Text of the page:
If your computer won't open the link by clicking the link to the file, try cut-and-pasting the URL into your browser. (You may have to right click and "copy link location" to access the URL.)

Another option is to save the file to your desktop and open directly from there. Mac's in particular sometimes have difficulty opening PDF documents within a browser and will require this method instead. Use this method too if you can open the PDF but experience oddities like missing math symbols. To save the PDF file to your desktop:

  • PC users: right click the link, choose "save link as", and download to your desktop.
  • MAC users: hold down the option key, click the link, and download to your desktop

Do I need to buy MyMathLab access if I already have the hard copy textbook?

Yes, unless it came bundled with your textbook. You do need access to MyMathLab as all the quizzes and exams are conducted in MyMathLab. See free temporary MML access.

Do I need to buy the hard copy textbook in addition to MyMathLab?

No. The entire textbook is available online as e-texts through MyMathLab so buying a hard copy textbook is optional and unnecessary unless you really want one. Most MyMathLab e-texts are printable too.

Can you tell me more about Prof. Keely's GOLDen Mathematics e-book?

If you are looking for readings to supplement the e-text in MyMathLab, there are lots materials available for free on the internet (math help sites, tutorial videos, etc.) and I encourage you to take advantage of them. See your Class Syllabus for my specific recommendations.

I wrote a series of e-books called GOLDen Mathematics but they are not free and, no, you totally do NOT need to buy them. The audience is adult learners and home-educating parents. They are essentially my class lectures including detailed examples with graphics and some quick self-checks, but do not include exercise sets. They are not as fancy as a regular textbook, but students report they are easy reads and explain problems clearly.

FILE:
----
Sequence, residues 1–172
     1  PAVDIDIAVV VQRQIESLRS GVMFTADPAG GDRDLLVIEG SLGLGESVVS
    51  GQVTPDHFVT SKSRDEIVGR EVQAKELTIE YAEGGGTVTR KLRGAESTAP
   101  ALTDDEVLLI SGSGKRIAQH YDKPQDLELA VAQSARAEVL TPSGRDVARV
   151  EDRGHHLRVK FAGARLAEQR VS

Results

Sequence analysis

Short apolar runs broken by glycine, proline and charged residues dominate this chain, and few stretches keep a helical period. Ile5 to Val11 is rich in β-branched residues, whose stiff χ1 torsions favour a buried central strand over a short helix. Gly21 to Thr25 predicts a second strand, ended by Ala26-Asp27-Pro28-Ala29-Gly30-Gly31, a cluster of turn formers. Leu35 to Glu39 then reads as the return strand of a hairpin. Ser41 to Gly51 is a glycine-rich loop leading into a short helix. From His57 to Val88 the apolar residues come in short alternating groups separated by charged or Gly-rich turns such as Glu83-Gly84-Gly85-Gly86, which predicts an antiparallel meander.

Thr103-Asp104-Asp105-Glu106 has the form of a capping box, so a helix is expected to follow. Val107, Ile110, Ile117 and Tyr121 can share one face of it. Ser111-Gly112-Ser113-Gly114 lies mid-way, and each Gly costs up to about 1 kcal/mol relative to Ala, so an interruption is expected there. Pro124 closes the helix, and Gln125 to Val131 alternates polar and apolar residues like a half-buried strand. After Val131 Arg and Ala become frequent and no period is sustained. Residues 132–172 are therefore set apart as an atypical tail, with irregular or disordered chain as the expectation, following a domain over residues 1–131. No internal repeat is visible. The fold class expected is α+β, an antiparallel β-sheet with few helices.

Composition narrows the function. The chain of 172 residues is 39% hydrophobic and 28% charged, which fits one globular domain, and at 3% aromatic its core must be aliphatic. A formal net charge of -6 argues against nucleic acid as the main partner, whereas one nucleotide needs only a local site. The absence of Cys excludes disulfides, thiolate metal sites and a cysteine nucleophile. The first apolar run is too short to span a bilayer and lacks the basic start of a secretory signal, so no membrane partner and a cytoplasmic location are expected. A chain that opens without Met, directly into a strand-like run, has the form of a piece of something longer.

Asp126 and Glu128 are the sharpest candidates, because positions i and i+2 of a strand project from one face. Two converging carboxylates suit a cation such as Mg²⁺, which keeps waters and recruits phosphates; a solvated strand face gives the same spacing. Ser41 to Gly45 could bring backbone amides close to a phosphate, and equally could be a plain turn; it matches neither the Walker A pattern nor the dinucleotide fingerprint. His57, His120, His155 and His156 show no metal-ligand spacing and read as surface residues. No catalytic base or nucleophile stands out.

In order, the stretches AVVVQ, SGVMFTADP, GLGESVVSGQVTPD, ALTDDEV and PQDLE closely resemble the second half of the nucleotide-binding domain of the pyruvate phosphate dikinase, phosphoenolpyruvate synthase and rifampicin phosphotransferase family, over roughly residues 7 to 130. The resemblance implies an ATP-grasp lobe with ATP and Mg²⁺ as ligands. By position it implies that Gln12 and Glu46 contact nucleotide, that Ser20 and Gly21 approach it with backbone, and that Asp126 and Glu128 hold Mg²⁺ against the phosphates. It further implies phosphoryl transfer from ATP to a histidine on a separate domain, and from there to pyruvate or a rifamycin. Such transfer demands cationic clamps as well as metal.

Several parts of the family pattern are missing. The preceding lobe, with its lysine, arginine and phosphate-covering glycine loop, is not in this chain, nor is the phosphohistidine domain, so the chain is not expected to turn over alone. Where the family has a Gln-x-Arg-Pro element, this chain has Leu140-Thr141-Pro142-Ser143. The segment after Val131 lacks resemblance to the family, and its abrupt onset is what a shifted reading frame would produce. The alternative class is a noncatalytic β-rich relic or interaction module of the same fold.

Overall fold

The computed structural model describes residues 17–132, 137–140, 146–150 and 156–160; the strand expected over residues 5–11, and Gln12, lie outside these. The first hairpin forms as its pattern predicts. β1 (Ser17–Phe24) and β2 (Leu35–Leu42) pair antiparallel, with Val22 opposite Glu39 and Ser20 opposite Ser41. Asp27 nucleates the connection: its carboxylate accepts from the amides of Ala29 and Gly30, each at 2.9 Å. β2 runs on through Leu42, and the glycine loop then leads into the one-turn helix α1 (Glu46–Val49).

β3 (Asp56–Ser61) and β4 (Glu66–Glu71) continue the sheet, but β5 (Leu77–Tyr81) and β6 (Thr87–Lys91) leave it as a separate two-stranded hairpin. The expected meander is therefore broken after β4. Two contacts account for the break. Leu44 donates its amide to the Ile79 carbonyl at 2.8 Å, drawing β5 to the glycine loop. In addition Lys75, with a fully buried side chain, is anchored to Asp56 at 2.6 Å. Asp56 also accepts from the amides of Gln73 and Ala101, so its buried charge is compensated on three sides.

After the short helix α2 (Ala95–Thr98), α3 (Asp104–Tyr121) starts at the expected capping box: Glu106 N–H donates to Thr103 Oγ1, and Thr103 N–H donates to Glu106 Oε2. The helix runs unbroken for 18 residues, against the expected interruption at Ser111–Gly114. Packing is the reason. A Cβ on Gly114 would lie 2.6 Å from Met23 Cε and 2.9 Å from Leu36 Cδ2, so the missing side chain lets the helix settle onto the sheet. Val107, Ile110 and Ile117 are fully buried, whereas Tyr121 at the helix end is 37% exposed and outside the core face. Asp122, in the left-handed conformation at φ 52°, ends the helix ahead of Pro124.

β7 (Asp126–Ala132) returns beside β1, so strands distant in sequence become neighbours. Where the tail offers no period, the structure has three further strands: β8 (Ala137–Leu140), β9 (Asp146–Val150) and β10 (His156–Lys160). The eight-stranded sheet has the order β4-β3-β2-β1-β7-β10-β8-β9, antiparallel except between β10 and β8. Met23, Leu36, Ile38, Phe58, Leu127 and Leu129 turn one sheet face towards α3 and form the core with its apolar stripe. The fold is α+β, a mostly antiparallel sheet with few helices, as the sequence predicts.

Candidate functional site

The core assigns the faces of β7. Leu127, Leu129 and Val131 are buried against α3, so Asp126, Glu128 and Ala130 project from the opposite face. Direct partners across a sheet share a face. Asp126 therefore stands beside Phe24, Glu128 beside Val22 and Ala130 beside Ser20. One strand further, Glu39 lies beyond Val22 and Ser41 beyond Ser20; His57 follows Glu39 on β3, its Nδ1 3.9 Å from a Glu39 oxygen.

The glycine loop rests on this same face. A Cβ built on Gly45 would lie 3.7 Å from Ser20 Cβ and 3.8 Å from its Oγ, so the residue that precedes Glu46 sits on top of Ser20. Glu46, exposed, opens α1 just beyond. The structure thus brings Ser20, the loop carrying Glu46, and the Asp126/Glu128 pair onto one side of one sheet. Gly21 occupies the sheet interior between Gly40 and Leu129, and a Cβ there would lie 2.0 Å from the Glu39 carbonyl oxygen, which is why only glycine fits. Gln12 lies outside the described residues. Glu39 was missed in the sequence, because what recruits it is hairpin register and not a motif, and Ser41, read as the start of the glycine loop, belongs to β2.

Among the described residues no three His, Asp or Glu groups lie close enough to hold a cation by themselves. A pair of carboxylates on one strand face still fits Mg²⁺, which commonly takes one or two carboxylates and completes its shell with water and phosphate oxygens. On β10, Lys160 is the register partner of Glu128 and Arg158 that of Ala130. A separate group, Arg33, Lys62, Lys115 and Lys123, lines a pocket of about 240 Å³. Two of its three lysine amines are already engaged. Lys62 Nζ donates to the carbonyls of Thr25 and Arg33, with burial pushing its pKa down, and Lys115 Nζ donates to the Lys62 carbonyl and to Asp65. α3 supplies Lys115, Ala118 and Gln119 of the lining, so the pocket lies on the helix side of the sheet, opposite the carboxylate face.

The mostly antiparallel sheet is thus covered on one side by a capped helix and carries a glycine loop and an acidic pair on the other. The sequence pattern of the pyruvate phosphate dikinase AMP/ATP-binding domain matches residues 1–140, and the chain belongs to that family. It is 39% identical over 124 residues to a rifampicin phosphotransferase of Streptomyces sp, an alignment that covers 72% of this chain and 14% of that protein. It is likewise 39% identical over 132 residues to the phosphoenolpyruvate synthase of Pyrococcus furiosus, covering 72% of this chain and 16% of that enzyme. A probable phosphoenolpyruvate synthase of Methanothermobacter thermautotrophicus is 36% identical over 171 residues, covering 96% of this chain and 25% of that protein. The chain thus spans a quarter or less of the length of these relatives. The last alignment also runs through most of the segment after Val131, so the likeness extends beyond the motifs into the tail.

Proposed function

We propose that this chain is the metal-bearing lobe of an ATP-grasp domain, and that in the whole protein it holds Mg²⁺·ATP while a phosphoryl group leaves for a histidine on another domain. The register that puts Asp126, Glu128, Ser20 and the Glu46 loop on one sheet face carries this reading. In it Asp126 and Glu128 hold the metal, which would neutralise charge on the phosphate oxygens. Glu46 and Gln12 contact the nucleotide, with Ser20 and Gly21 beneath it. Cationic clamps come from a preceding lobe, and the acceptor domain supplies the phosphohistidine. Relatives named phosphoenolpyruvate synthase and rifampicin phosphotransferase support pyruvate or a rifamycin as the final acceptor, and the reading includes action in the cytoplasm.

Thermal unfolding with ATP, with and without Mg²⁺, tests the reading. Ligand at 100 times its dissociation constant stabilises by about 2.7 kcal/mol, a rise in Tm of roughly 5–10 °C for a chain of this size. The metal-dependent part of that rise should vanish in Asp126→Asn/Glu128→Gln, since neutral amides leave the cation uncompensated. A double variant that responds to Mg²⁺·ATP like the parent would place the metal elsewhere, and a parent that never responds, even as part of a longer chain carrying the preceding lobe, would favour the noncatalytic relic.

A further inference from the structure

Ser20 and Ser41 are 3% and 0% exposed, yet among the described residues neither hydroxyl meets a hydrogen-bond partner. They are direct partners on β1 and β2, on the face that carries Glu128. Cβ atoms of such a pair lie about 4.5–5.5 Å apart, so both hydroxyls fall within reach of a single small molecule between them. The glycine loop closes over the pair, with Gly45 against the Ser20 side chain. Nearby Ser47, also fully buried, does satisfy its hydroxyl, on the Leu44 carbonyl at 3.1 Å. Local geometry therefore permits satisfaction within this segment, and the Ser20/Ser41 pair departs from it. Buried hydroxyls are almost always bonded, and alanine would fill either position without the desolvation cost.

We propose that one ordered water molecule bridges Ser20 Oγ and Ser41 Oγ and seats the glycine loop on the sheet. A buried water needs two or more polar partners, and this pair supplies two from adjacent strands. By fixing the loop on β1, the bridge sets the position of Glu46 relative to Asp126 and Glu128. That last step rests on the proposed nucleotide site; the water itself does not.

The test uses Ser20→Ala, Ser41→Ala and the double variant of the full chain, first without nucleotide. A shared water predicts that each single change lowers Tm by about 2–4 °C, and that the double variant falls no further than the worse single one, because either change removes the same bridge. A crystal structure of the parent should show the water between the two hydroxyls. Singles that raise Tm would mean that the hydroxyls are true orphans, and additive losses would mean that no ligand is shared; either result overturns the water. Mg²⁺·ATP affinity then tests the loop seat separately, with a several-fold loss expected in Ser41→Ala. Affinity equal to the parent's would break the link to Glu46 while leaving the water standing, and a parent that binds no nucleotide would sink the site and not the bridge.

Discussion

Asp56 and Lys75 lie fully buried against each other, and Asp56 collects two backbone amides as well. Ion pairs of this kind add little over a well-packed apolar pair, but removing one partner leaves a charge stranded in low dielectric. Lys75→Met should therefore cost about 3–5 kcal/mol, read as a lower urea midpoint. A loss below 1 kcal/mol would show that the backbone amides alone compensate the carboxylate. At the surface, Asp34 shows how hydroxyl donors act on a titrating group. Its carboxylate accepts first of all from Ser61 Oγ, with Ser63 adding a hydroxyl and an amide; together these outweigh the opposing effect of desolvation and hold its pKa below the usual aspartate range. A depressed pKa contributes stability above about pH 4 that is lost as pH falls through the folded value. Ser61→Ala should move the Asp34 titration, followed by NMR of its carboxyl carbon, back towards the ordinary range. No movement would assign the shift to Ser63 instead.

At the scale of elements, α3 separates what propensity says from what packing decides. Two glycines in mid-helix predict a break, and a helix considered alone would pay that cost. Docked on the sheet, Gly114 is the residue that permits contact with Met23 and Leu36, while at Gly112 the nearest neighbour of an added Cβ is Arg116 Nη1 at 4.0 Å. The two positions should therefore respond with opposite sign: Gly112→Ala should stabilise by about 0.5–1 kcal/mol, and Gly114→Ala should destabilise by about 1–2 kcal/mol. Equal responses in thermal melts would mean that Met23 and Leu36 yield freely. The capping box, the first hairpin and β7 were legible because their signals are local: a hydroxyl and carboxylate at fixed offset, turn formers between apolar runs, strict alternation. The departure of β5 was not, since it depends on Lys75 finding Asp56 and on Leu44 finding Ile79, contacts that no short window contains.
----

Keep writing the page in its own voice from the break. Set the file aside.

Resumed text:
The GOLDen Mathematics e-books are available as complete books and also as single topic "modules". So if you are having difficulty with just one topic/chapter of material (e.g. rational expressions), you can download (for a small fee) just that module/topic/chapter at www.lulu.com/skeely.

Complete e-books downloadable at Lulu (for a fee):

Modules by topic downloadable at Lulu (for a small fee):

Elem. Algebra Inter. Algebra College Algebra Complete Algebra Trig & Calculus
Intro to Algebra Exponents, Polynomials, and Factoring Equations and Inequalities Includes material from Elem/Inter Algebra AND College Algebra for complete coverage with review. I'm not sure when I'll get around to finally uploading these e-books. Sabbatical?
Linear Equations and Inequalities (1-var) Rational Expressions Functions and Graphs Equations  
Intro to Graphs and Functions Radical Expressions Polynomial and Rational Functions Inequalities  
Linear Equations and Inequalities (2-var) Equations: Quadratic, Rational, and Radical Exponential and Logarithmic Functions Exponential and Logarithmic Functions  
Systems of Linear Equations Composite Functions, Inverse Functions, and Parabolas    
Exponents, Polynomials, and Factoring Exponential and Logarithmic Functions